On John Wilkins blog, a commenter posted the following quote:
"If falsehood, like truth, had but one face, we would be more on equal terms. For we would consider the contrary of what the liar said to be certain. But the opposite of truth has a hundred thousand faces and an infinite field. --Michel Eyquem de Montaigne"
This is a notion I have seen stated in many different ways. This is what Tolstoy was getting at as well, albeit with a more limited scope, when he uttered his famous opening to Anna Karenina: "All happy families resemble one another, each unhappy family is unhappy in its own way".
I argue that this leads inexorably to the conclusion that faith is poor epistemology. Faith, belief without evidence, amounts to choosing, at random, from all possible beliefs. Yet those beliefs are overwhelmingly false. Some would say the false are infinitely larger than the true, in which case the probability of a faith belief being true approaches zero.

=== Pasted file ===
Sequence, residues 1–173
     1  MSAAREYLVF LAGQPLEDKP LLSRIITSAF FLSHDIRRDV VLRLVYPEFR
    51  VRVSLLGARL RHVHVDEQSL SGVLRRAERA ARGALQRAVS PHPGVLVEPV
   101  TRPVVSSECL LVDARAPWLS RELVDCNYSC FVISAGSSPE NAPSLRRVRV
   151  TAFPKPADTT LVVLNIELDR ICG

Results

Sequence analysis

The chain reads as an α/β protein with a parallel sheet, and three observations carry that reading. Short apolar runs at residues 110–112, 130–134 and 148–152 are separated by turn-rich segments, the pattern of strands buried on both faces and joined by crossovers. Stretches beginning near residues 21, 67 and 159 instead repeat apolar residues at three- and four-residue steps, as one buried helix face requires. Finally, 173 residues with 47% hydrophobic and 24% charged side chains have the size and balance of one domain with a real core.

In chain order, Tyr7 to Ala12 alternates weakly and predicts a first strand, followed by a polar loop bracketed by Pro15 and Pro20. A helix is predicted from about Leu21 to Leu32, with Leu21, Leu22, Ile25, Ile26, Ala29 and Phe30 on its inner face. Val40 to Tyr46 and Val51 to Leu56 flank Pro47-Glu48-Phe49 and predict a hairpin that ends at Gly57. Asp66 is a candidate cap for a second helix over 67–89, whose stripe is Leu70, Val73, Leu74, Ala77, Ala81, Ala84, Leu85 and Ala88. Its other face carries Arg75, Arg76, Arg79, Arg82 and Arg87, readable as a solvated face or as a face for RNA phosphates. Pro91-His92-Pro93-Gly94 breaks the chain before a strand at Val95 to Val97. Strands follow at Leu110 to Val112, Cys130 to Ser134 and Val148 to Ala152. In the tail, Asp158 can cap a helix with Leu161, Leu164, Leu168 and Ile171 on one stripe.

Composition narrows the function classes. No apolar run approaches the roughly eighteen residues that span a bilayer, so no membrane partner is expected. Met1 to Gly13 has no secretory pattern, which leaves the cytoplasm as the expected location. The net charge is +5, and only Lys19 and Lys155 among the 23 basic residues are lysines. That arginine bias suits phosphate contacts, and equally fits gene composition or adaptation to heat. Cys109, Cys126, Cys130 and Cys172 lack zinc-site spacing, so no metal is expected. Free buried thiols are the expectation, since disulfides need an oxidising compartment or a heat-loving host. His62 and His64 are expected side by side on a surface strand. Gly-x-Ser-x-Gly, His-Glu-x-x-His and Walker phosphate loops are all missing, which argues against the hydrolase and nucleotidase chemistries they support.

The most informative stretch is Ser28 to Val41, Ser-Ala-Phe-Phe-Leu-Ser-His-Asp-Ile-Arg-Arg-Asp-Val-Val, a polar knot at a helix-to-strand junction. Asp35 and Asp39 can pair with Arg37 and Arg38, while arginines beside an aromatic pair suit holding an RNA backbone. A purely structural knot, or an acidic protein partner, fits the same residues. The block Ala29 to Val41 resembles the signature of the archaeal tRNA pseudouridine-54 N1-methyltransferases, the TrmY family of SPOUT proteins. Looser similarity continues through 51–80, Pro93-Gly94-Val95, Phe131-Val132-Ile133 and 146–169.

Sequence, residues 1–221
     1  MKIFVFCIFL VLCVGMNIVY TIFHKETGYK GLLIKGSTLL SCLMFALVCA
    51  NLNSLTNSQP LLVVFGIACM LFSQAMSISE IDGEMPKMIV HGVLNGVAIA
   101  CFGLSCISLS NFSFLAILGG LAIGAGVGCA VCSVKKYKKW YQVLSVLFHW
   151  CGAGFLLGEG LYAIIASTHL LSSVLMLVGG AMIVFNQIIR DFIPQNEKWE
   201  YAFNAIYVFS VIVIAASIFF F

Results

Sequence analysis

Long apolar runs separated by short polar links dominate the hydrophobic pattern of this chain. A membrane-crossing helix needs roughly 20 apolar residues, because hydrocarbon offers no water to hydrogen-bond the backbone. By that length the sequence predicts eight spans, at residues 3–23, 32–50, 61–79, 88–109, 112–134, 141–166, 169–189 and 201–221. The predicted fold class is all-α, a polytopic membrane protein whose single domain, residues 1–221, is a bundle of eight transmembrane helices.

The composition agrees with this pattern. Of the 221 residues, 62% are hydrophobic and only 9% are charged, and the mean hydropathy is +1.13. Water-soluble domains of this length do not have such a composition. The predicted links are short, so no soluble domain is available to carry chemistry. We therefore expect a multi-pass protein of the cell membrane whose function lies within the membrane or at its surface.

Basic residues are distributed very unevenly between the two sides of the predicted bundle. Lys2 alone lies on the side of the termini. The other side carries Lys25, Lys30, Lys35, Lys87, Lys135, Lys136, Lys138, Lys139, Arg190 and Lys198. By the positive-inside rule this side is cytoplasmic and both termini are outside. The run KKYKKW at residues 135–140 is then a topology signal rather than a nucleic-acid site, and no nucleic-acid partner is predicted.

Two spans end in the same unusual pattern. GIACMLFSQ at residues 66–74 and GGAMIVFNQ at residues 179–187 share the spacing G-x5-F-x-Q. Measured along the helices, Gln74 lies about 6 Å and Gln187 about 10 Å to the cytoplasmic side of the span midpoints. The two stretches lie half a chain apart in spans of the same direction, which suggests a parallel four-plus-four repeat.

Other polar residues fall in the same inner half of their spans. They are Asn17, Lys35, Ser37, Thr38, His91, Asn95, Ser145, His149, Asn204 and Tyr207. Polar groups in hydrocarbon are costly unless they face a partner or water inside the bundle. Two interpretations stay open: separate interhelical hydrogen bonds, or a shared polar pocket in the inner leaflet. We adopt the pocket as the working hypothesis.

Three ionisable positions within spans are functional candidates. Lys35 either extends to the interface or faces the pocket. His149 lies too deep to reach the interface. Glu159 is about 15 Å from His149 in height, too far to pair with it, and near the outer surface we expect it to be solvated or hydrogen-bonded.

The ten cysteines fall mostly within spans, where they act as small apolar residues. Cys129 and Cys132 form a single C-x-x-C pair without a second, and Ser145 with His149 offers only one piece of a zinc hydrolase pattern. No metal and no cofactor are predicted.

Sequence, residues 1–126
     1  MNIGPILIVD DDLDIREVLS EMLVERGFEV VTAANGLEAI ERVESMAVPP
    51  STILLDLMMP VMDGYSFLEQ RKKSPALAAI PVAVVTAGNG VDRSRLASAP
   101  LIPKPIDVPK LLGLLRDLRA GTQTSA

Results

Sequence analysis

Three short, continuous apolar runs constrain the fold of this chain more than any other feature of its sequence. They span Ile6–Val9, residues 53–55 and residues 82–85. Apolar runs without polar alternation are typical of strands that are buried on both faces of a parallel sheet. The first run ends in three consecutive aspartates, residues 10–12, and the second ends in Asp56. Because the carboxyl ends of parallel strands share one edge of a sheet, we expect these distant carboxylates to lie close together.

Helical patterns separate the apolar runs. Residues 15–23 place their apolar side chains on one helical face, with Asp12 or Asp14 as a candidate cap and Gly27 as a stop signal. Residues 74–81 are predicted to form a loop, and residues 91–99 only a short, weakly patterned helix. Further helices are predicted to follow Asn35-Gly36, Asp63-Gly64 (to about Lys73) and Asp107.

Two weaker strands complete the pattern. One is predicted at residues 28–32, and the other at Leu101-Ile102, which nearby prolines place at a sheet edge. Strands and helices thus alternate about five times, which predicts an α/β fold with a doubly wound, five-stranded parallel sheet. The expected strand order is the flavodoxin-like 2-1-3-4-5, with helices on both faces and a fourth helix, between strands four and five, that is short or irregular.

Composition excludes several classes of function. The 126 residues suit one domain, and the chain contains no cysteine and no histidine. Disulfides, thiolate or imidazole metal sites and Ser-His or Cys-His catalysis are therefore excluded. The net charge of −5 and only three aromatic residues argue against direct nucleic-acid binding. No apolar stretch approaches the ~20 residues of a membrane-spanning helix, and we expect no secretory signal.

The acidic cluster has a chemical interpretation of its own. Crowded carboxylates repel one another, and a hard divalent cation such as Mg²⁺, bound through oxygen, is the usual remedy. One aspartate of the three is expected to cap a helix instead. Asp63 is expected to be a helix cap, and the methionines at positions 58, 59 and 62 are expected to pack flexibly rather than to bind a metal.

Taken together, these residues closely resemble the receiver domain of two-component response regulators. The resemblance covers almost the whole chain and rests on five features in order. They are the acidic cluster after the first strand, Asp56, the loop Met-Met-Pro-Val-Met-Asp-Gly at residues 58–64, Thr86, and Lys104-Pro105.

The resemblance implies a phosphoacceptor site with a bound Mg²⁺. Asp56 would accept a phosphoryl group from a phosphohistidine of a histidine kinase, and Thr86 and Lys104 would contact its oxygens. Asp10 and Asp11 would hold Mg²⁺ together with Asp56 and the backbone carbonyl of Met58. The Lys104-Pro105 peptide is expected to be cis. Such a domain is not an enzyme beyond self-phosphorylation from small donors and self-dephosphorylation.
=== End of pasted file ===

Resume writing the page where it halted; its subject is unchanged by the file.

For example, take the true statement "My car is blue". Now randomly substitute all the other grammatically appropriate words that can be put in that sentence. "My car is red", "My car is green", "My cat is blue", "My teacher is blue", etc. The ratio (true statements) / (false statements) is clearly approaching zero. I realize this is not stated in a mathematically rigorous way, but I have no doubt it could be, although I'm ready to give up the whole idea if a mathematician can show me why I should. Likewise, I understand there can be difficulties in the semantics. How wrong is wrong? When exactly does "blue" become "green". However, these difficulties seem biased to my favor, since semantic difficulties erode the confidence in any statement, which is the thrust of my general argument. If I say you shouldn't be so confident because a disease like measles exists, it hardly helps your argument to challenge my definition of disease as being too specific. That's the sort of argument creationist trolls make.
So mathematically, logically, and pragmatically, faith is a loser.